There’s a few places in South Australia that have huge reputations, and rolling into Arkaroola I wondered if it would actually live up to the hype or not.
We’re from WA, and many of the names of places that are mentioned on the other side of the country are unfamiliar to us, but Arkaroola is a name we did know, and we were looking forward to seeing what it was really like.
Our drive started off from Moolooloo Station, after a night of fairly steady drizzle, and Sarah and I were both pretty cold and damp by the time we hopped in the car.
With only 10 – 15mm of rain falling, I was surprised at how slippery and muddy the road was into Blinman, and it didn’t get much better heading out to Arkaroola, with both the Dmax and Reconn R2 covered in mud by the time we arrived.
Once again, we marvelled at the amazing changes in scenery, and pulling into Arkaroola I was thoroughly impressed with the natural beauty.
In my mind, Arkaroola was the El Questro of the Flinders Ranges, and opening the door at the reception reminded me that it’s a well setup business.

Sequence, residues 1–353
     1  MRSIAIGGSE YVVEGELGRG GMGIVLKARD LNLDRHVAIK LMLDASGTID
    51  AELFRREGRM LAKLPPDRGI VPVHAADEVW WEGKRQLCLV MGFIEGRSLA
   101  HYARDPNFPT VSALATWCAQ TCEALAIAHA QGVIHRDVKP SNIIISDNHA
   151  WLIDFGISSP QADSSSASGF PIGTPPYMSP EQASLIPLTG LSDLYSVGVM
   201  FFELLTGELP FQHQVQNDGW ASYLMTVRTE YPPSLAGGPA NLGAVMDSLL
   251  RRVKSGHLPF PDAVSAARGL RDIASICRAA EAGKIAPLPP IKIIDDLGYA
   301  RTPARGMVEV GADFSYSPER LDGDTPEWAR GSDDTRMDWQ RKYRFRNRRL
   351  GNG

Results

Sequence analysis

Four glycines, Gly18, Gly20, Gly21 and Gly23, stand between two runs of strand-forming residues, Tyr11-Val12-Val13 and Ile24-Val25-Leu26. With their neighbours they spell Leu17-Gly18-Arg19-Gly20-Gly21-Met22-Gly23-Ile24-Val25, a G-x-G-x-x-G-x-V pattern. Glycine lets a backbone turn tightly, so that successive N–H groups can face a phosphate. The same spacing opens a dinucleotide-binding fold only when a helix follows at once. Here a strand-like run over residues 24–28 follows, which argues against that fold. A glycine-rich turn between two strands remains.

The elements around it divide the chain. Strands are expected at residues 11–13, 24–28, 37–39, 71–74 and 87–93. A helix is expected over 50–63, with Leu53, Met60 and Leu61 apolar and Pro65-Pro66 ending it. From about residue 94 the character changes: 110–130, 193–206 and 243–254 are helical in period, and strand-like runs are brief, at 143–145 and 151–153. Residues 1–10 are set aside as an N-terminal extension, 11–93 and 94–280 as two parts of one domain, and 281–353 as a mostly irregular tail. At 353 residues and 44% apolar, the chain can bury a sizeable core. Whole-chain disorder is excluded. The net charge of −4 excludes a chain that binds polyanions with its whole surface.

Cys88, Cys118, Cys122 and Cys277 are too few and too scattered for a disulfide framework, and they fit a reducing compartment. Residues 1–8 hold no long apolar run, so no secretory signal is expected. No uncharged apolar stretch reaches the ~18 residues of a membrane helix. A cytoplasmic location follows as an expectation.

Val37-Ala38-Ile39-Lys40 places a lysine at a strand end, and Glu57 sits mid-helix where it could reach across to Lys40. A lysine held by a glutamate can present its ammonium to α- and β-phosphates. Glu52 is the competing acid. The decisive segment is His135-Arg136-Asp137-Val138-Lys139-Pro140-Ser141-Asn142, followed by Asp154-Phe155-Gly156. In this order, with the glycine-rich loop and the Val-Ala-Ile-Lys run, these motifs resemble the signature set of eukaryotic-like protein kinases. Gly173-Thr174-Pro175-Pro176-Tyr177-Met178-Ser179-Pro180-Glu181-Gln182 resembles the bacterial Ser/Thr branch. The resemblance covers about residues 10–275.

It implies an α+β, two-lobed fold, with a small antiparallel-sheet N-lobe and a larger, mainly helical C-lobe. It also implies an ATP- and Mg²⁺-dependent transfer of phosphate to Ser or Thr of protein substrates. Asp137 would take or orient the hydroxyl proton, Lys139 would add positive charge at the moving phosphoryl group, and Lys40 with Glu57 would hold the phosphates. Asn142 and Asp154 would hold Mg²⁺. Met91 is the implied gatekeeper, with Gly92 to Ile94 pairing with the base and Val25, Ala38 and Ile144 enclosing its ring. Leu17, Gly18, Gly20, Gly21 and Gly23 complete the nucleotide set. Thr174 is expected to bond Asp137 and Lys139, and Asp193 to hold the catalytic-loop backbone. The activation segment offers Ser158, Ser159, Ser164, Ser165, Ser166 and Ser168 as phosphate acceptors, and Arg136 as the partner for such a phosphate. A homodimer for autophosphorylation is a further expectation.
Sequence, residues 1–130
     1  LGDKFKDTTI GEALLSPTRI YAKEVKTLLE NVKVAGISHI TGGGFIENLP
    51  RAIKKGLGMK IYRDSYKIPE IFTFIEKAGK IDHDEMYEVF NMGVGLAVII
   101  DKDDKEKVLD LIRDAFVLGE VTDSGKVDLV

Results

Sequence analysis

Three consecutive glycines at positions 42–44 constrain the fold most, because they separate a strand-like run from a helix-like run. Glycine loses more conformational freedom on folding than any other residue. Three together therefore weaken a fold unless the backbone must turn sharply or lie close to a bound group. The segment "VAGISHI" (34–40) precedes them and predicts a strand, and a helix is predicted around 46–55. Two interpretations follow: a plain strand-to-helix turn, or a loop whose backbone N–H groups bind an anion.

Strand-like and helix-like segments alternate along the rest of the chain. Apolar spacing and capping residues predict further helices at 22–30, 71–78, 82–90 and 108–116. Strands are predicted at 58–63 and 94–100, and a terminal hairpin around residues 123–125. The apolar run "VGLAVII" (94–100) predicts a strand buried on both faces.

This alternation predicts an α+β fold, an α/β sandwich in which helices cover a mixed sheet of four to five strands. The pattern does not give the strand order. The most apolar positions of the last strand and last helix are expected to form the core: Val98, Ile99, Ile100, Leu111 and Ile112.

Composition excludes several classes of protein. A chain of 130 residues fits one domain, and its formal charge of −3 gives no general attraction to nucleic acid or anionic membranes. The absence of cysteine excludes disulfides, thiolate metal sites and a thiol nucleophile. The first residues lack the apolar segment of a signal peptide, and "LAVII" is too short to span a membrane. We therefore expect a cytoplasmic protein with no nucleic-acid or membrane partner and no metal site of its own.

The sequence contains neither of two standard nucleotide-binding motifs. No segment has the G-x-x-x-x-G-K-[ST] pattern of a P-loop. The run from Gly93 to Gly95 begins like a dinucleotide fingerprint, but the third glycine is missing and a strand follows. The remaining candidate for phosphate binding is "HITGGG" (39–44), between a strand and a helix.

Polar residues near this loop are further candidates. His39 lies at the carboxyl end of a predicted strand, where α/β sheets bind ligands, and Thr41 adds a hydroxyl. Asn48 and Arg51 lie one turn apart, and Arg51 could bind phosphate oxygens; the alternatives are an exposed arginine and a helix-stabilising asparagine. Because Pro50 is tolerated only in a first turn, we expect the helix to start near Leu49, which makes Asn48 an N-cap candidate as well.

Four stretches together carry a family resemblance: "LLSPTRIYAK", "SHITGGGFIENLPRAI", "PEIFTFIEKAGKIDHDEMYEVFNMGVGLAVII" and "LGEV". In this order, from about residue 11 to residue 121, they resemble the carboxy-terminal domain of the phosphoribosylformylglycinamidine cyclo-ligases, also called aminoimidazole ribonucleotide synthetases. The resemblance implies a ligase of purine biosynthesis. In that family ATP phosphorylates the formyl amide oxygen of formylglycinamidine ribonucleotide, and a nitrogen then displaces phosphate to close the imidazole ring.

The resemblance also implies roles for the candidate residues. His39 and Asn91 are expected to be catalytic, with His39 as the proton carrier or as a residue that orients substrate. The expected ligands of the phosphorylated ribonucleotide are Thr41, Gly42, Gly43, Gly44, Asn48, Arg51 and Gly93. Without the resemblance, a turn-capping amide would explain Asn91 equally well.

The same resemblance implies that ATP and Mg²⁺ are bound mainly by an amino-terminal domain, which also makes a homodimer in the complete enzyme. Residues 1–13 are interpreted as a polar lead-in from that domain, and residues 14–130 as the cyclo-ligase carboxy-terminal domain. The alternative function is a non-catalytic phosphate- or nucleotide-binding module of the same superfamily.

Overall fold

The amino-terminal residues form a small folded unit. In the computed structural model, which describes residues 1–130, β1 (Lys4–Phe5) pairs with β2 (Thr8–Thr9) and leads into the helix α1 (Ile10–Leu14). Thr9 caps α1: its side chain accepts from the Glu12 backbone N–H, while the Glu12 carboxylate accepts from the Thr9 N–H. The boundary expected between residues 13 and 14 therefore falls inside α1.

We checked in, paid our money, and headed off to camp, with a sneaky suspicion that this place was going to be a whole lot of fun, and the next few days proved just that.
Where is Arkaroola?
You’ll find this giant wilderness sanctuary at the end of a gravel road in the northern parts of the Flinders Ranges, butting up against the Gammon National Park. Its 312km from Quorn and 133km from Leigh Creek.
What’s the scenery like?
I mentioned earlier that I was thoroughly impressed driving into Arkaroola, and that feeling improved as we headed off on the first afternoon, ducking for cover from the rain and hoping to find a couple of nice 4WD tracks to do.
Pulling over the hill to the pound, on the way to Stubbs waterhole, I was left speechless, and it only got better in the coming days as we explored more of the property.
The natural beauty on this property exceeds that of most places I’ve been to in Australia, and that’s a seriously high compliment.
We spent the next few days exploring as many nooks and crannies of the property as we could find, and would rate the scenery here as some of the best in Australia by a long shot.